News of May 5, 2021
Exploring the origin of the elements
HZDR coordinates EU network for research infrastructures in nuclear astrophysics
Nuclear astrophysics is the science of how the elements of the periodic table have been created. This research field is served by a diverse set of research infrastructures of different sizes – from telescopes obtaining stellar spectra to laboratories studying element production to supercomputers needed to model these processes. On 4-5 May, 2021, the ChETEC-INFRA network of research infrastructures has its online kick-off meeting. ChETEC-INFRA stands for "Chemical Elements as Tracers of the Evolution of the Cosmos – Research Infrastructures for Nuclear Astrophysics". It is a community of 13 small and medium size infrastructures embedded in a community of altogether 32 research institutions in 17 EU and associated countries. ChETEC-INFRA is coordinated by Helmholtz-Zentrum Dresden-Rossendorf (HZDR) in Germany.
The European Union supports ChETEC-INFRA with altogether 5 million euros from 2021-2025, within its call for Starting Communities of research infrastructures. In addition to networking this interdisciplinary community of research infrastructures, ChETEC-INFRA will devote considerable resources to science outreach, to educating the next generation of researchers, and to bring coherence to this research field.
With ChETEC-INFRA, key national and regional infrastructures open up EU-supported access for the entire European research community, streamlined through a unique portal for the three disciplines astronomy, laboratory nuclear astrophysics, and computational astrophysics. The network will especially encourage interdisciplinary proposals and aims to broaden the community by outreach to smaller EU countries with no established nuclear astrophysics groups.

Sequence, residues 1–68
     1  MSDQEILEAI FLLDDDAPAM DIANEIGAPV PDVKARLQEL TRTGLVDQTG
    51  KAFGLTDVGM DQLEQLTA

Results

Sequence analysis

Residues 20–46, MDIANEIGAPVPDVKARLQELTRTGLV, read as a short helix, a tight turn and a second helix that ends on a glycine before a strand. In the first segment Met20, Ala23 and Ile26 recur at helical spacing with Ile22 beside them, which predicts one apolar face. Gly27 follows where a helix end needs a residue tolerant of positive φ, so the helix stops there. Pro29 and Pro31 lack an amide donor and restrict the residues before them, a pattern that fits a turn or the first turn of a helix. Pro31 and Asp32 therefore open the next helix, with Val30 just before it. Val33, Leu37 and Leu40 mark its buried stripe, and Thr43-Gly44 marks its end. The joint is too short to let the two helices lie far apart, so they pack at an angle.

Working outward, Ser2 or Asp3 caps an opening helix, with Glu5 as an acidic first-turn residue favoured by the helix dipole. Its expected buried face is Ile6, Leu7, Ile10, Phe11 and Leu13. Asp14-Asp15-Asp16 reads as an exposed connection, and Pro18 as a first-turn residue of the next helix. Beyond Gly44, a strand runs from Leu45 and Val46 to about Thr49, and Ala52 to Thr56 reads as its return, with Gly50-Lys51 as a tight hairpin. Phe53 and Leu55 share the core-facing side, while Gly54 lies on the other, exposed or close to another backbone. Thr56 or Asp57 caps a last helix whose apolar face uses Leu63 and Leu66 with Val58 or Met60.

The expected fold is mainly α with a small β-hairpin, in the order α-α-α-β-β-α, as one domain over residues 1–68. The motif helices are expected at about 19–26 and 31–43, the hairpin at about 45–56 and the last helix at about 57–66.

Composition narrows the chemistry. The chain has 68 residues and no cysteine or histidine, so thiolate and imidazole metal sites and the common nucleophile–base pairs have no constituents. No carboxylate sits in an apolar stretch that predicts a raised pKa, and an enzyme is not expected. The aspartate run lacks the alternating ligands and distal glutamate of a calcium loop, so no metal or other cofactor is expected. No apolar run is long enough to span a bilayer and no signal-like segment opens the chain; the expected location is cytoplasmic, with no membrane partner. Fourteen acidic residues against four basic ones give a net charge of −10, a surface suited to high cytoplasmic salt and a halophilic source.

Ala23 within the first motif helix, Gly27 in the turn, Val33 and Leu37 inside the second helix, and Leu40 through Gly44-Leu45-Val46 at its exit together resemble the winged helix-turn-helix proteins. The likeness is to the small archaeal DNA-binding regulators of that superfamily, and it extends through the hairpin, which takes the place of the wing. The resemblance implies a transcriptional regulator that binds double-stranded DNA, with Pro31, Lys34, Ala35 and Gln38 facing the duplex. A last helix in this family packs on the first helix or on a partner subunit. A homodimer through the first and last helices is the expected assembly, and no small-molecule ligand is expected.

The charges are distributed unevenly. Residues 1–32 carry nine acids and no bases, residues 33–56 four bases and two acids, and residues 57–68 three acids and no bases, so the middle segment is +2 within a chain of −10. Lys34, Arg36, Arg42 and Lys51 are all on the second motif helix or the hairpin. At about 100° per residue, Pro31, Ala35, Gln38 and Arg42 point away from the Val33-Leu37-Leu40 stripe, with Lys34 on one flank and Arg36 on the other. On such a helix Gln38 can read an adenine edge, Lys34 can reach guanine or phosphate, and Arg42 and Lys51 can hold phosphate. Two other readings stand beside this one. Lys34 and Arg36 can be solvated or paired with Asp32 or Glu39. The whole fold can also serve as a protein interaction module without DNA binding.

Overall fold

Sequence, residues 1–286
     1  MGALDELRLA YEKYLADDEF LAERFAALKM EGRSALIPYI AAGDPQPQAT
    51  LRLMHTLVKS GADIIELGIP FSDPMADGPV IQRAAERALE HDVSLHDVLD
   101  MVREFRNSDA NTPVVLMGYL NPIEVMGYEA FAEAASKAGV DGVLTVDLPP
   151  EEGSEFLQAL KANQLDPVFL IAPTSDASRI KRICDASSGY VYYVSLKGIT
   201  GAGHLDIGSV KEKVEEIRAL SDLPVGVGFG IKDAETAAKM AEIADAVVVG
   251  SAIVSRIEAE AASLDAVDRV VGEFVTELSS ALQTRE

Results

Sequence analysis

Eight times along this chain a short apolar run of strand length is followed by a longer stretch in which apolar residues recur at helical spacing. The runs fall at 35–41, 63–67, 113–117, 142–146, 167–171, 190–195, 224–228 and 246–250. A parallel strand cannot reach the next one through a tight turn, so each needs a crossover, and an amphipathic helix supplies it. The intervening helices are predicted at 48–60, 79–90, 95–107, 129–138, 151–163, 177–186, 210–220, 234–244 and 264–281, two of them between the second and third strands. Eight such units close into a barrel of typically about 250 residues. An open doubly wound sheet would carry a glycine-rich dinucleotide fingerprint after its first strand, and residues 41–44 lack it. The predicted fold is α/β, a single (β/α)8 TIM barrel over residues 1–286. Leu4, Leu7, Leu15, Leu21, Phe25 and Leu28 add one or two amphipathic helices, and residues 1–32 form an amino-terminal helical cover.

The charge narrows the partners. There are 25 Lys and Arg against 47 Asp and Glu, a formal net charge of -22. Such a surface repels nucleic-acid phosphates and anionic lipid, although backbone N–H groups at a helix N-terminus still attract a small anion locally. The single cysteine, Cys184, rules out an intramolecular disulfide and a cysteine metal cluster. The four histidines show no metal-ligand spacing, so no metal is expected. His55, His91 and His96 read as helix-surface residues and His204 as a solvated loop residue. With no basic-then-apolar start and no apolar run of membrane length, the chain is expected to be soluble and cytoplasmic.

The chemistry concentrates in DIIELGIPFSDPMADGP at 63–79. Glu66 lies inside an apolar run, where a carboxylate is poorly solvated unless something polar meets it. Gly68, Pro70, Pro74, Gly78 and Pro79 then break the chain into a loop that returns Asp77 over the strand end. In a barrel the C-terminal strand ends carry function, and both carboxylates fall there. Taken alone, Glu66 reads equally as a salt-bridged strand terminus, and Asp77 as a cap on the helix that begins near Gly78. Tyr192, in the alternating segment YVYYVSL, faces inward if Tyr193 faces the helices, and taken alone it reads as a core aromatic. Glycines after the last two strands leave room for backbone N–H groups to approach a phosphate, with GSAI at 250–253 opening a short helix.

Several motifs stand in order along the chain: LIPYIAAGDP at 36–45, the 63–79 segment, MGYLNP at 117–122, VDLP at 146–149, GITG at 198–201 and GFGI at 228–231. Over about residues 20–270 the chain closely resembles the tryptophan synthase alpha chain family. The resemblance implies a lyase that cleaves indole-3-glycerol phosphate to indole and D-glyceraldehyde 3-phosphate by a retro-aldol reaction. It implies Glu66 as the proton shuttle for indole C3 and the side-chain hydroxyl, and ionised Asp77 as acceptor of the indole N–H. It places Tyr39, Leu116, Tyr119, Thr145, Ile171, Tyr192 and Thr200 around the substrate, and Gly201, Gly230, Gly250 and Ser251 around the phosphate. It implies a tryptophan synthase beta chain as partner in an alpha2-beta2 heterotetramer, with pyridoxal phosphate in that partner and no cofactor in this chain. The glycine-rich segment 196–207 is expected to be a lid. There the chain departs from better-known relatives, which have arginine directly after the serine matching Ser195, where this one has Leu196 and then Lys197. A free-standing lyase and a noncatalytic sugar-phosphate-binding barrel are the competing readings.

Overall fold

In order to enable use of the ChETEC-INFRA infrastructure by newcomers, in addition to the streamlined, EU-supported access also scientific support will be given. For example, the analysis of stellar spectra will be facilitated by standardized pipelines, abundance corrections, and rotational velocities. New targets and detectors serving the specialized needs of nuclear astrophysics researchers will be developed in the laboratories. The development and analysis of nucleosynthesis simulations will be facilitated by new software tools.
The infrastructures networked range from the Nordic Optical Telescope on the Canary Islands to medium-sized telescopes in the Czech Republic, Lithuania, and Bulgaria. Nuclear laboratories allow to study element genesis by charged particle, neutron, or photon induced reactions, studying rare reactions with high beam intensities and high sensitivity, including an underground laboratory and accelerator mass spectrometry. A computing cluster with enough power to address nucleosynthesis in a massive star completes the list of infrastructures.
"I am thrilled to be allowed to work with such a diverse and high-level group of infrastructures, and of nuclear astrophysics research", says ChETEC-INFRA Principal Investigator Daniel Bemmerer of Helmholtz-Zentrum Dresden-Rossendorf, Germany. "In the next four years, ChETEC-INFRA will provide the necessary tools for nuclear astrophysicists in Europe to make important strides in the understanding of burning topics like the production of the s-process elements and a precisely calibrated understanding of solar fusion." In addition to coordinating the overall project, HZDR will offer access to the new Felsenkeller underground ion accelerator and to the DREAMS accelerator mass spectrometry setup for external users.
For more information:
PD Dr. Daniel Bemmerer
Institute of Radiation Physics at HZDR
Phone: +49 351 260 3901 | Email: email@example.com
Simon Schmitt | Head
Communications and Media Relations at HZDR
Phone: +49 351 260 3400 | Email: firstname.lastname@example.org